I have been saying on and off for the past two years that my daughter has selective mutism but only in occasional situations outside home and at school. It’s perhaps gone on too long as it has not really been picked up by teachers.It came to a head on Wednesday when the head mistress gave a detention for not completing her maths work and only achieving one sum when to me this seemed harsh and also she must have been struggling to ask for help. Where do I get a formal diagnosis as for two years in her report they have labelled her stubborn and she is obviously uncomfortable in some situation. At home and in familiar surroundings she is fine but school isn't one of them. Please help!

It must be stressful for you all at present. The first thing we always suggest, if you haven’t already, is trying to talk directly to school, perhaps meeting with the SENCo to discuss your concerns. If you feel that you are not able to progress your concerns with school and you would like to talk to a Child and Adolescent Mental health (CAMHs) professional regarding your concerns you can pursue through your GP. Alternatively you may find it helpful to call the Youngminds helpline: We have had very positive feedback from families that have used this service.

My twelve years old son is affected by Cerebral Palsy, just looking for professional support to make his life easy and self dependent.

If you are based in the UK I would suggest you liaise with the Children with disability team for support in relation to developing independence. I'm afraid we can't give specific advise but the leading UK charity Scope may offer some general information and guidance on a range of areas. If you are UK based they offer a telephone helpline. 

My son has just been diagnosed with severe obsessive disorder. He already has learning difficulties and has a statement of educational needs. On his recent hospital admission where he was seen by CAMHS and the social worker I was advised that we would need a meeting at school to discuss how we progress things forward. In the meantime I have had to do the professionals work for them. I have contacted the school and worked in partnership with the head of year and also the exams officer in order for my son to get the right entitlement for his upcoming GCSE exams. My son aslo has to make decisions regarding his future this year and I am of the belief that currently he is not in the best place to make these at this time. I recently visited a college for him and although the course is what he wants to do, I am not convinced that this would be the right place for him due to it being big and also would it be safe for him. I am just at my wits end regarding this. He is currently going to school, but with support in the morning and afternoon, with dropping him off and picking him up. I do not have much support at home and certainly no group that I can talk to regarding my frustration in terms of getting things right for my son and his future.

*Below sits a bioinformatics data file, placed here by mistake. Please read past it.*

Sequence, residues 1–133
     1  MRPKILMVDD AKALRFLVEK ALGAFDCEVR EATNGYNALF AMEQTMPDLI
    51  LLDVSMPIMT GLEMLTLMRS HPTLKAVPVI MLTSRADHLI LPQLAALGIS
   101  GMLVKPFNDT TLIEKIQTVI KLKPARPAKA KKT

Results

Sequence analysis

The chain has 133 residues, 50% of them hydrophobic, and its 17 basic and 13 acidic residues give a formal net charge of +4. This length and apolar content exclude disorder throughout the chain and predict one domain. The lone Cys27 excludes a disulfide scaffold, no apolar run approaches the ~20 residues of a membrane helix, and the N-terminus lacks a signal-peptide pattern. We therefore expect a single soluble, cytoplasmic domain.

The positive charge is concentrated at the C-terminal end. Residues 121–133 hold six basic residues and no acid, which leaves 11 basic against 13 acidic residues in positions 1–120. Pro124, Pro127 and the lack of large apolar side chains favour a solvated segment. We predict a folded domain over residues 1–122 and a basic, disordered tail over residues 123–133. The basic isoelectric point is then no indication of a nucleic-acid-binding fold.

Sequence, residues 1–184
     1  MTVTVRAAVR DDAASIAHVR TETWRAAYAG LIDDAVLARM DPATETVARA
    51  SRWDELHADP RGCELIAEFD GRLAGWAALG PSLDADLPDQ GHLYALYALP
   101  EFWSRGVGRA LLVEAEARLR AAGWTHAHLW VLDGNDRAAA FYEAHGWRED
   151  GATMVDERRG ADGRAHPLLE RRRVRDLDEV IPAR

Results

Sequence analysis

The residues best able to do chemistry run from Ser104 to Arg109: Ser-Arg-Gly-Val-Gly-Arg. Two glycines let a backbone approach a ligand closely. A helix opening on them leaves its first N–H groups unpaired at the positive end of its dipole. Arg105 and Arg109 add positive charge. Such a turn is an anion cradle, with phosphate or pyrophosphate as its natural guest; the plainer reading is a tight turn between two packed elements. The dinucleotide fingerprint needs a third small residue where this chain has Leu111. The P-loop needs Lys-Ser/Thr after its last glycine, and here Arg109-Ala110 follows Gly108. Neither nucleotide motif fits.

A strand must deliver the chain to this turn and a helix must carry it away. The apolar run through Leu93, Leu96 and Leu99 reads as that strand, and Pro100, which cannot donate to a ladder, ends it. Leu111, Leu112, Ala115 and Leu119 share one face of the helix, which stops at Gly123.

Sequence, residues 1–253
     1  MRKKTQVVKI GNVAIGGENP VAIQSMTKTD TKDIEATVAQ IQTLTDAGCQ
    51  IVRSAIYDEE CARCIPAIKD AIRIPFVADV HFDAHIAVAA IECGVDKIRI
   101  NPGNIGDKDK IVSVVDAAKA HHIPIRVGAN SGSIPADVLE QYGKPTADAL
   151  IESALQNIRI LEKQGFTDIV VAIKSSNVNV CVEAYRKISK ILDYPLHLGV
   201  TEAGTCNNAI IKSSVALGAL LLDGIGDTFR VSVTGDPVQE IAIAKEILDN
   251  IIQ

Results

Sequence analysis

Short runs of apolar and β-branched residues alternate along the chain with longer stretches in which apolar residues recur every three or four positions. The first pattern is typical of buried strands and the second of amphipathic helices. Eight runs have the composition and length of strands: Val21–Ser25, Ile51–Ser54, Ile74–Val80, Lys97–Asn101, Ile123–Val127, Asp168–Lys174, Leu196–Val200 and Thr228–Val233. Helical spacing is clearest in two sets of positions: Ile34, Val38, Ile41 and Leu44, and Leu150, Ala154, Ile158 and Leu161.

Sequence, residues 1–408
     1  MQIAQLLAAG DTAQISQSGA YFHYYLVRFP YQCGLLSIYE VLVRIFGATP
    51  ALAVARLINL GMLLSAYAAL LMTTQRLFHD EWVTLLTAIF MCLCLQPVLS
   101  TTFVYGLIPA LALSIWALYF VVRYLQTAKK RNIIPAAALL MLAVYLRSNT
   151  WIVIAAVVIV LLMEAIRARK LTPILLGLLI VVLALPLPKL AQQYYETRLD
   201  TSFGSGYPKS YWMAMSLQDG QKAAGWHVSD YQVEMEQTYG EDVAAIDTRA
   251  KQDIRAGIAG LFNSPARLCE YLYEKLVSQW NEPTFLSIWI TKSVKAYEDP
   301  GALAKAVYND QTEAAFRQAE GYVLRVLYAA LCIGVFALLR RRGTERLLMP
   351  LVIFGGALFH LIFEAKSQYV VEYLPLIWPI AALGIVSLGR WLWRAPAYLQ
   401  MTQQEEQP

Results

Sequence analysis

This really is a stressful time for you all and thinking of the future must be particularly difficult as it is hard to predict how things will develop. You have made the first step in liaising with school and this seems to have enabled some things to be put in place for your son, though obviously it is still difficult for you. In relation to college, our suggestion would be to keep options open. If possible, look at a range of schools and colleges your area, contact the SEN or student disability services, this may help you and your son assess where his needs will be best met. As he has a Statement of SEN he should be well placed to access any available support. Support for yourself is very important during this stressful time, Young Minds have a parents phone line: A number of parents we have contact with have found the phone line very helpful. They may also be able to put you in touch with a local support group.